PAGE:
CHARLOTTE, NC: I am about to experience another milestone. I have decided to get a feeding tube as a preventive measure for the time when I am no longer able to swallow. The milestone is that I have never spent a single night in a hospital, and I am petrified. Too many people I know have gone in for routine procedures and come out at room temperature.
I understand that ALS has no cure, and I have accepted my fate, but there are still too many other things I want to accomplish before the Ferryman shows up at my door.
And so my “Benjamin Button saga continues.
When we are born one of the first things to happen is the cutting of the umbilical. In my case, I feel as though the feeding tube is nothing more than putting that cord back.
As a result, as the surgery nears, I have been having strange dreams.
On the opening day of baseball season, for example, I dreamed that I had been invited to a game to “roll out the first pitch.” No matter, baseball or bowling, I still managed to get a strike.
I am still able to ambulate on my own, though not without considerable effort to keep myself from falling, I now awake in the morning with strains of You’ll Never Walk Alone echoing through my brain.
Earlier in the week I had appointments at the VA to see a dermatologist. The routine is always the same, “Name, date of birth, last four.”
“Last four” refers to the last four digits of your Social Security Number.
Later that night as I nodded off to sleep, my subconscious mind combined all the events of the day with the future surgery to arrive at a scenario that went something like this:
“What seems to be the problem today?” asked the doctor.
“I have a few little places on my skin that just don’t seem to go away.”
“Let me look. Well it could be psoriasis. Then again it might be melanoma.”
“Great. That’s all I need,” I said with apprehension.
To which the nurse in my dream replies, “I don’t think it’s cancer. That is unless you were in the Marine Corps.”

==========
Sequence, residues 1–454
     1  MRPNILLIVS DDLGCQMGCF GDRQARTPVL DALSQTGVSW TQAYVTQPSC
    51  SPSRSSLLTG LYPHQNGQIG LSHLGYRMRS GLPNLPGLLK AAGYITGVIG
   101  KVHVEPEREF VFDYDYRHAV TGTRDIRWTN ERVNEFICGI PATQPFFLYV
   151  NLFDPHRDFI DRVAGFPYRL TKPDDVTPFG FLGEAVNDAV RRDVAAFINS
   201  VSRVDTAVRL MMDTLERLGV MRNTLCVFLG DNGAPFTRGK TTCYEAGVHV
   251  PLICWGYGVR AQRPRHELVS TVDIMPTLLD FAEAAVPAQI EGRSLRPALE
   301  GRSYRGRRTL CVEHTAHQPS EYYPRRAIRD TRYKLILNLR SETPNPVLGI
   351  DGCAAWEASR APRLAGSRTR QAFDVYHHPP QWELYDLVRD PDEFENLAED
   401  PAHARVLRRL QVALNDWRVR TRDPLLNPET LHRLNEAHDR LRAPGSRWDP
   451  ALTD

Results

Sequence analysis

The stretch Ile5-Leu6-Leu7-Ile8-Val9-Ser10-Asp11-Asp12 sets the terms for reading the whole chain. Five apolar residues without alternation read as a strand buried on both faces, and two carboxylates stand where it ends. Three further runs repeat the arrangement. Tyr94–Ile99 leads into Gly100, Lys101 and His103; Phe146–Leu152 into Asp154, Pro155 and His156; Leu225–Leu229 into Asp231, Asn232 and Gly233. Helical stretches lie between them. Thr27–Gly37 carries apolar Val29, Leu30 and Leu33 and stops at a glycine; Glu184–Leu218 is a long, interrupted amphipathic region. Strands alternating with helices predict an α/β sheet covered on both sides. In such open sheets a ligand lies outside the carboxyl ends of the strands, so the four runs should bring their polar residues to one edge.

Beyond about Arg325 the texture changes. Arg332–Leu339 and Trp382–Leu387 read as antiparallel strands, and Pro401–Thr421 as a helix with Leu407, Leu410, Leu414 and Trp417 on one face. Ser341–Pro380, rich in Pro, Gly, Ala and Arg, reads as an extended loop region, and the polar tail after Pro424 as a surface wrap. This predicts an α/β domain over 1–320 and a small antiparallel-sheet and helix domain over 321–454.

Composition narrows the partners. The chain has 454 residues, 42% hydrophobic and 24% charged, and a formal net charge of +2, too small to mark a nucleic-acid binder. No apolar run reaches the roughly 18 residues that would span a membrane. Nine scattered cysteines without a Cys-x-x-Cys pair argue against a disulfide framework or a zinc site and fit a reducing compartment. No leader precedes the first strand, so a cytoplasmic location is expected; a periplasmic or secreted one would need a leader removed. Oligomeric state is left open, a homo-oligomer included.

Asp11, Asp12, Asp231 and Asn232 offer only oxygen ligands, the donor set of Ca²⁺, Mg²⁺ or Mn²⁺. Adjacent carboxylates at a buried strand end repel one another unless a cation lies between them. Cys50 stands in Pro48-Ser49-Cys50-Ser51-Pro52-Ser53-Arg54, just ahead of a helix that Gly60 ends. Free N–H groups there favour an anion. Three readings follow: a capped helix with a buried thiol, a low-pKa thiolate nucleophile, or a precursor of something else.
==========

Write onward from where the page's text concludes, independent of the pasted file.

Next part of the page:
Returning to my birth
To my way of thinking, a feeding tube gives new meaning to the term “naval operation,” as I morph into becoming the world’s first 200-pound “belly button.”
I have even had thoughts of someone pushing on my stomach and saying, “Avon calling.”
There have been moments when I sense that I am living in some massive science fiction novel where humans slowly turn into robots.
Over the months of my diagnosis, one of the better outcomes of ALS has been significant weight loss. I dropped 50 pounds on my own before the disease and another 40 since.
So how would Sigmund Freud have interpreted my dream when I received a letter in the mail saying, “Congratulations. You are the proud winner of the ‘No-belly Prize’?”
Come summer when everyone else is white water rafting, I’ll just sit on a rock in the water and tell everyone “I’m ‘tubing’.”
In my hometown of Charlotte, NC, there’s a Chic-fil-A with limited parking where lunch and dinner traffic become a serious hazard because drivers queue in ultra-long lines to get to the drive-in for taking out.
Personally, I don’t get it.
The sandwiches are great but who waits in line for a half-hour for a chicken sandwich? Apparently everyone but me.
Enter my imagination-gone-wild dreams again.
This time, on the day I am released from the hospital I have a craving for Chic-fil-A in which case a get into that absurd line and wait.
When I arrive at the window, the servers asks, “May I help you?”
To which I respond by holding my feeding tube out the window and say, “Sure. Fill’er up!”
Traveling by Tube
Later that night, same dream sequence only now I’m in England on the way to the theater. In London, the metro or subway is commonly referred to as the “tube” so when my wife innocently asks, “Should we take the tube?”, I adamantly reply, “Damn right. It’s attached!”
By now I have accepted my plight and I am fully prepared to experience the tasteless delights of steak, cauliflower and okra smoothies.
Beyond that, I am still not prepared to accept that I am gradually becoming the Tin Man from the Wizard of Oz.
With only a couple of days left before I become retro-fitted for a bold new dining experience, I have no idea what other treasures my overly active imagination has in store.
One thing I do know, however. If the music changes from You’ll Never Walk Alone to Mozart’s Requiem, I just may “die laughing.”
About the Author:
Bob Taylor is a veteran writer who has traveled throughout the world. Taylor was an award winning television producer/reporter/anchor before focusing on writing about international events, people and cultures around the globe.
Taylor is founder of The Magellan Travel Club
Editors Note: Support Bob’s GoFundMe to give him a hand up